Key price reporting agencies and commodity exchanges this year have added prices for a low sulfur fuel oil that meets the standard of no more than 0.5 percent sulfur. A few weeks ago, we reported that the first trade in the S&P Global Platts Market on Close (MOC) process put the new fuel oil product, which is becoming known as VLSFO (very low sulfur fuel oil), went for $175/metric ton (mt) more than the existing high sulfur benchmark for bunker fuel, which is the fuel oil used on ships. But late this past week, there were bids and offers – but no deals – in the Platts MOC at a spread of about $40 per mt, a significant drop. Part of the reason is that there still is a market for HSFO, an active one, and it’s moved sharply higher in recent weeks because the primary crudes used to make HSFO, like those from Venezuela (sanctions) and Canada (self-imposed cuts) have been in such short supply. So the significant drop in the spread has other factors at work that may be short-lived. But any price indication is important. In this case, the price of an alternative coming back in closer to the broader market is good news for companies that need to buy diesel. January 1 draws closer every day.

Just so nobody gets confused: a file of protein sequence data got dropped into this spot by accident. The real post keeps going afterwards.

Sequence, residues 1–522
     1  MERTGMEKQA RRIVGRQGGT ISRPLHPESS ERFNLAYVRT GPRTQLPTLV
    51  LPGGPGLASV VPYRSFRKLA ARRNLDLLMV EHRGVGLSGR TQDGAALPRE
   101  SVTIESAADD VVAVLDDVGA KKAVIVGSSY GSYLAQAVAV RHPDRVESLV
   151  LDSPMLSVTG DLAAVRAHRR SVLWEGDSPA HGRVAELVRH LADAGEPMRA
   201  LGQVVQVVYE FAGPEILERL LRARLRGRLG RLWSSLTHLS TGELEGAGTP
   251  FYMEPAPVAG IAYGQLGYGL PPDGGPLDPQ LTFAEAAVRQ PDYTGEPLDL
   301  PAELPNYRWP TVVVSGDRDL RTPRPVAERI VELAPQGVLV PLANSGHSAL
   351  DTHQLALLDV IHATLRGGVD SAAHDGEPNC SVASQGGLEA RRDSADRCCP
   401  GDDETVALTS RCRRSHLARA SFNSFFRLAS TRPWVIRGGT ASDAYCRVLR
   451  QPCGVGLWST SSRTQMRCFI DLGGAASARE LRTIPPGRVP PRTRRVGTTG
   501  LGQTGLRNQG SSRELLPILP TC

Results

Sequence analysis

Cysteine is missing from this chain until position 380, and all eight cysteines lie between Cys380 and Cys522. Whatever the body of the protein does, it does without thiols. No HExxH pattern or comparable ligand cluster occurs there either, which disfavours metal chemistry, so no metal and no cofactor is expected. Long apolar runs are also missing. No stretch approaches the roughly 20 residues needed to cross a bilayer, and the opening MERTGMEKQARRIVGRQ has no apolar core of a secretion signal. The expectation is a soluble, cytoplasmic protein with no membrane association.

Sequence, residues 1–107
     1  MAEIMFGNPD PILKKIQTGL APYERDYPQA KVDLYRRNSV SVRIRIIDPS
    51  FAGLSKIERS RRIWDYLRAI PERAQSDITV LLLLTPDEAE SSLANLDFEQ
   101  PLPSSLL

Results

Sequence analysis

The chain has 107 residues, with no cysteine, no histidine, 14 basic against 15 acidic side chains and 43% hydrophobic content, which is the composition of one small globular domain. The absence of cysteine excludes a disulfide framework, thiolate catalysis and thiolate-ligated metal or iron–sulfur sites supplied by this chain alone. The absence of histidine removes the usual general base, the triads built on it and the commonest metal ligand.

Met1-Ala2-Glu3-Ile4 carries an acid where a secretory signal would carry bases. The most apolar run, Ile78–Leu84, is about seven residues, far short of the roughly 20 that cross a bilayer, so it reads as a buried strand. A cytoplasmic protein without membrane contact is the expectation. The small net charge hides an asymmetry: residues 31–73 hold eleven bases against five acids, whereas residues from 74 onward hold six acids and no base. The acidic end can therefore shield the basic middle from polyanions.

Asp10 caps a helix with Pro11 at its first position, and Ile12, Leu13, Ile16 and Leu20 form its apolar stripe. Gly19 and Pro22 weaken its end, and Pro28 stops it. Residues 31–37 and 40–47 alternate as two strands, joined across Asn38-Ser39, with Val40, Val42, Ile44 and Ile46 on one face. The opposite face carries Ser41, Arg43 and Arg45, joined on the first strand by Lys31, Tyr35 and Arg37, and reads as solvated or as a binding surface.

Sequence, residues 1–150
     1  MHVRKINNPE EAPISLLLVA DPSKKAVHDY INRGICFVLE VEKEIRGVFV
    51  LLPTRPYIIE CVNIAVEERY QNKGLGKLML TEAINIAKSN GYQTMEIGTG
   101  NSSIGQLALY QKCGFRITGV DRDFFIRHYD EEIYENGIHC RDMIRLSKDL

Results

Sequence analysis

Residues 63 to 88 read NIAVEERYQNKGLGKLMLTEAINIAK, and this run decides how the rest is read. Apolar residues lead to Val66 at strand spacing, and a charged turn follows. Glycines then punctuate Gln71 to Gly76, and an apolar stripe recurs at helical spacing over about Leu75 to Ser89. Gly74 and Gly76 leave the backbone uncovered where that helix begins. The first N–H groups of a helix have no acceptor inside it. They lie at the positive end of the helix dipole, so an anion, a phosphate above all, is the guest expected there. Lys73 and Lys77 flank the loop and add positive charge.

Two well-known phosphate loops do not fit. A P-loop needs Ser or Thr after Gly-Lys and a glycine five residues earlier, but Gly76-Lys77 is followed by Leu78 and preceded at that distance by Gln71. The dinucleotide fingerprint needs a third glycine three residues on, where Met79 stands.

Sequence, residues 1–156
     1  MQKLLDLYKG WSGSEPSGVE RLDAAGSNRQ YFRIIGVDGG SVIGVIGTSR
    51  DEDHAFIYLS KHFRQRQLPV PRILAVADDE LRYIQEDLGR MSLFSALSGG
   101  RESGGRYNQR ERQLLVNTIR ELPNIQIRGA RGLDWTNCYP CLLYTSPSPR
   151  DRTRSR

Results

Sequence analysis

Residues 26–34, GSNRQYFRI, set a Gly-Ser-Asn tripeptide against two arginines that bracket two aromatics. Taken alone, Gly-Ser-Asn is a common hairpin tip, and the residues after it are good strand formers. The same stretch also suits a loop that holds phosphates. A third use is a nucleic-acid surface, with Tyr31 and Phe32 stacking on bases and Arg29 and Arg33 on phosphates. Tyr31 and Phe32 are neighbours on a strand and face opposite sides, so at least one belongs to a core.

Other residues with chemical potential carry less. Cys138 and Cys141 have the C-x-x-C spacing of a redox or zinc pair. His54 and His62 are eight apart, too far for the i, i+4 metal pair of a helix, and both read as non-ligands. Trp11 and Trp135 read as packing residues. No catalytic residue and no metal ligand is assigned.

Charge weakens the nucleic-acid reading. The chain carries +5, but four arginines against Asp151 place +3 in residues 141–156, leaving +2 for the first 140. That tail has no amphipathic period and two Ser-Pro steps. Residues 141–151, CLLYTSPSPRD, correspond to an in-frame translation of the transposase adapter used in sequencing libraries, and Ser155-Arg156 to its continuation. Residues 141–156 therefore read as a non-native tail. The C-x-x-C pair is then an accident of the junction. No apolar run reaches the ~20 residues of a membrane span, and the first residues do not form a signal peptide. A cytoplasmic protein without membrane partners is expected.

Markets mostly moved higher this past week. The March WTI contract expired without any signs of significant hedge-related buying or selling, viewed in some quarters as the primary driver behind the December collapse. That sort of hedge-related activity tends to pick up as a contract’s expiration nears; it didn’t happen this month. For now, the market has digested the steep cuts that OPEC countries implemented in December and January – and indications that the reductions continued in February – and seems unconcerned that there are few few signs out of Russia that its much-vaunted plan to cooperate with OPEC’s efforts has amounted to much of anything. With OPEC cuts in January near 900,000 b/d, the 400,000 b/d reduction that was to come out of a Russia-led group of non-OPEC members were “led” by a Moscow reduction of just 42,000 b/d. While even Nigeria said this past week that it was determined to assist in OPEC’s efforts to cut supply to bolster prices – the country’s record in that regard is spotty – any noises coming out of Russia have been tepid. This past week, in a CNBC report, Torbjorn Soltvedt, the principal MENA politics analyst at the U.S.-based risk assessment firm of Verisk Maplecroft was quoted as expressing to clients skepticism about Russia’s role in restraining production. “Although our base case is still that Riyadh and Moscow find a compromise to extend the agreement, the pact is now looking more fragile than ever,” Soltvedt was quoted as saying. He said the company’s “base case” still has Russia cooperating but cautioned that OPEC and Saudi Arabia might need to accept “low levels of (Russian) compliance to save the pact.”